Our conversation led me to think about judgment in general. There’s way too much of it in the world. Hell, I’m as guilty as the next Doll. But here’s the deal: scooter or motorcycle, the guy is riding. He’s young. He shares a passion. He’s in the game. Should he feel embarrassed or ashamed just because he’s still working toward his dream bike? Granted, we all have tastes and preferences. I like the old beasts that barely run, which is pretty stupid. If I had half a brain I wouldn’t mess with them (like my poor little ’66 Yamaha YM1). Some riders appreciate fancy paint jobs, or ape-hangers, or carbon fiber. Some don’t. Our motorcycles are an expression of personal style. Or, they’re a reflection of our current situation. Regardless. Riding is what it’s about.

So I have a goal and a challenge: to put aside personal bias and love the fact that someone else has found the passion--even if they pull up on a Pacific Coast with a chopper kit.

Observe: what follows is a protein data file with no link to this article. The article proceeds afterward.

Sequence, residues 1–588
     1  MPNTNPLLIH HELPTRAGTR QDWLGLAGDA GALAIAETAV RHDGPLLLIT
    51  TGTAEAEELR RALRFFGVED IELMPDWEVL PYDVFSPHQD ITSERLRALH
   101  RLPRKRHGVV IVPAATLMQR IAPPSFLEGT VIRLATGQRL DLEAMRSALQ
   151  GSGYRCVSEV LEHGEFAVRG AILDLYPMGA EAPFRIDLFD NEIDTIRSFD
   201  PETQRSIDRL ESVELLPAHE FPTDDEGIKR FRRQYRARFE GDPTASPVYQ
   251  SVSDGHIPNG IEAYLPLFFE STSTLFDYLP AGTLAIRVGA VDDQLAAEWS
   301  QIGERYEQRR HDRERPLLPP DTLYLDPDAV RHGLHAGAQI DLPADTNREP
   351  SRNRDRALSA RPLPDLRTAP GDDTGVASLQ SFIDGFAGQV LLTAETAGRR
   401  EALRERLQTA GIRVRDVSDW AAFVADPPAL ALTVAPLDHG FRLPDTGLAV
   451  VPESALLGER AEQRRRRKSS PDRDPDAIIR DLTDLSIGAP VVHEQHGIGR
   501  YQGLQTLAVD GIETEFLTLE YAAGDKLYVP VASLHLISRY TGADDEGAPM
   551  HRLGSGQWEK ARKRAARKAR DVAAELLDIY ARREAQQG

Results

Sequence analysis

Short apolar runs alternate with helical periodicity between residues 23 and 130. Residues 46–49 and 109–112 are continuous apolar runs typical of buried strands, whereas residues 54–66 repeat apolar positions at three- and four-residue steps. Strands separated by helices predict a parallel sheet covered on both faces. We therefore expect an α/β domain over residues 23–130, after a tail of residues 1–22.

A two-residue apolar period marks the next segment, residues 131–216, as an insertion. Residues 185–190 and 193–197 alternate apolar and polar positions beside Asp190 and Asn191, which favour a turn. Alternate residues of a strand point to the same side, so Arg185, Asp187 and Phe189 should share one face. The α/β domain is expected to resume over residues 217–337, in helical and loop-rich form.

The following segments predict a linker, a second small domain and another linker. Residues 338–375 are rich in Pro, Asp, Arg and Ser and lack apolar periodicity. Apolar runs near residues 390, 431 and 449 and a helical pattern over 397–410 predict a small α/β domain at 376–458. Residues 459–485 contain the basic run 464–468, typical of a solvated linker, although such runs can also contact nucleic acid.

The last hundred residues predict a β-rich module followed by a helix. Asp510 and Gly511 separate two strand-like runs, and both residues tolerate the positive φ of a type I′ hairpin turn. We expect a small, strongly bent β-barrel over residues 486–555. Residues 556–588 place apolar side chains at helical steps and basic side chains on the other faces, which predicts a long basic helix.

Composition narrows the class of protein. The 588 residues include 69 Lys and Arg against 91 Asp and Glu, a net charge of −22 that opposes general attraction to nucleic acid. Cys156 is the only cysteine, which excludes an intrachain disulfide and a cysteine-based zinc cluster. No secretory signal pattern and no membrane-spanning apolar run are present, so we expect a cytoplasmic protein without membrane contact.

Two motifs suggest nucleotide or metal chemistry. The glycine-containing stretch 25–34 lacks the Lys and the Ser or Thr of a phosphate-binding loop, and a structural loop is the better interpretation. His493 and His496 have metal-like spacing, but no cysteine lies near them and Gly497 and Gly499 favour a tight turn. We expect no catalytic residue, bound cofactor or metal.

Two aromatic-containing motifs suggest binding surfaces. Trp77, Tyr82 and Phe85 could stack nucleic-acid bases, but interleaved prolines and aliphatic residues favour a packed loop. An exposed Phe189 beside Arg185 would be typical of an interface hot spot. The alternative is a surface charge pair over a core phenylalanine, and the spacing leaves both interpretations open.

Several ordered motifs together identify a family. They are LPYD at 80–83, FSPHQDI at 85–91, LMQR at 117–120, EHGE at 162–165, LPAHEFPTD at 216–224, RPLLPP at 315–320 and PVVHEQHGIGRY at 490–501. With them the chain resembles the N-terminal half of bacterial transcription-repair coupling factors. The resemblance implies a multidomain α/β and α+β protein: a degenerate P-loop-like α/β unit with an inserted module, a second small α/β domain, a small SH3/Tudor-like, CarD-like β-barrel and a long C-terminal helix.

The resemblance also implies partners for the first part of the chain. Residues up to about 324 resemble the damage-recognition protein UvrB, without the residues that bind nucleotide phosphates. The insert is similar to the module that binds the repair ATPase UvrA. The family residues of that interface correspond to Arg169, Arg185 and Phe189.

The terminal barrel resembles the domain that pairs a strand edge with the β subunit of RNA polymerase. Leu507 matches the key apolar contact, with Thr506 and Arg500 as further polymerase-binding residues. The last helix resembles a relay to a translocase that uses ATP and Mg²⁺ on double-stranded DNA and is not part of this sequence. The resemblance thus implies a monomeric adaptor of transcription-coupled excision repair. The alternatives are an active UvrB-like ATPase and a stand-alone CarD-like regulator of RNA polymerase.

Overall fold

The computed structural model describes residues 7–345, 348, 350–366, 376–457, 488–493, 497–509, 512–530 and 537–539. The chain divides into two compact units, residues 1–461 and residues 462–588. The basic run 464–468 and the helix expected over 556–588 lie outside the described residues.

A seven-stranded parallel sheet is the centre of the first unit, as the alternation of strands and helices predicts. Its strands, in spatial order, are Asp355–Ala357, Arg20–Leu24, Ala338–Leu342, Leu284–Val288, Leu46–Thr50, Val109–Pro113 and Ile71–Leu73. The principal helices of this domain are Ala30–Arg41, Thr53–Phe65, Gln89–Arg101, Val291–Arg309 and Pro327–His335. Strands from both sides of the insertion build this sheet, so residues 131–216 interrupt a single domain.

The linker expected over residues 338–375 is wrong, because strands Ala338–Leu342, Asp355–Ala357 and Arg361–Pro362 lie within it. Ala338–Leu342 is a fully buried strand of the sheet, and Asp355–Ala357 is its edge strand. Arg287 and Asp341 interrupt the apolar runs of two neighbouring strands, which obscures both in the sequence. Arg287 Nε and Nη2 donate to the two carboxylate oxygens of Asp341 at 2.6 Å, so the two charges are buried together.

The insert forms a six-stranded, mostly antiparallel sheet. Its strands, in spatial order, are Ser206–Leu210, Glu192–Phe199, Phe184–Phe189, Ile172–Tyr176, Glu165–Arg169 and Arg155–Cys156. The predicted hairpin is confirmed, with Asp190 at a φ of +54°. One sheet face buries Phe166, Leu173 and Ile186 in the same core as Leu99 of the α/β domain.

Wednesday, April 7, 2010

Angels and Gondolas

When asked about my favorite element of being a photojournalist, the answer is easy. Getting to do all the things I do. How many people can say they've been hung out the back of a Chinook helicopter? Or gone inside top-secret government sites? Or met three presidents? The list goes on and on. I've had the opportunity to do so many amazing things in my career.

Like this week so far. Small things, but pretty cool.


I have to admit. I don't follow baseball. I know, I know. It's the great all-American past time. But I've just never been a sports fan. Even so, it's still pretty fun to be down on the field with the players on opening day. There's an energy buzzing around as they come out for pre-game practice. It's hard not to get caught up in it.

Even the team manger, Mike Scioscia, waxed nostalgic about his favorite opening days both as a player and as a manager.